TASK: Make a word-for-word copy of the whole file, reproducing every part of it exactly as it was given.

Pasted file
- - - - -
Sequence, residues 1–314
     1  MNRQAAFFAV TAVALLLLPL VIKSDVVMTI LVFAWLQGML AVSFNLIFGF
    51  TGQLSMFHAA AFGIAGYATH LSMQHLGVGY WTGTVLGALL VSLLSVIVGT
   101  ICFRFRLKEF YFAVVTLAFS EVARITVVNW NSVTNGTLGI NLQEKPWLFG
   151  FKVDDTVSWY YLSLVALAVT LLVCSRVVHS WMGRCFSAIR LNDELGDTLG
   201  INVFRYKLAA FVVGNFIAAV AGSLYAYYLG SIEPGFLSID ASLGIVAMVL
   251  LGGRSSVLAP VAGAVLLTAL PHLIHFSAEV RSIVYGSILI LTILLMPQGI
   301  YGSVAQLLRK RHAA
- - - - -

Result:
Sequence, residues 1–314
     1  MNRQAAFFAV TAVALLLLPL VIKSDVVMTI LVFAWLQGML AVSFNLIFGF
    51  TGQLSMFHAA AFGIAGYATH LSMQHLGVGY WTGTVLGALL VSLLSVIVGT
   101  ICFRFRLKEF YFAVVTLAFS EVARITVVNW NSVTNGTLGI NLQEKPWLFG
   151  FKVDDTVSWY YLSLVALAVT LLVCSRVVHS WMGRCFSAIR LNDELGDTLG
   201  INVFRYKLAA FVVGNFIAAV AGSLYAYYLG SIEPGFLSID ASLGIVAMVL
   251  LGGRSSVLAP VAGAVLLTAL PHLIHFSAEV RSIVYGSILI LTILLMPQGI
   301  YGSVAQLLRK RHAA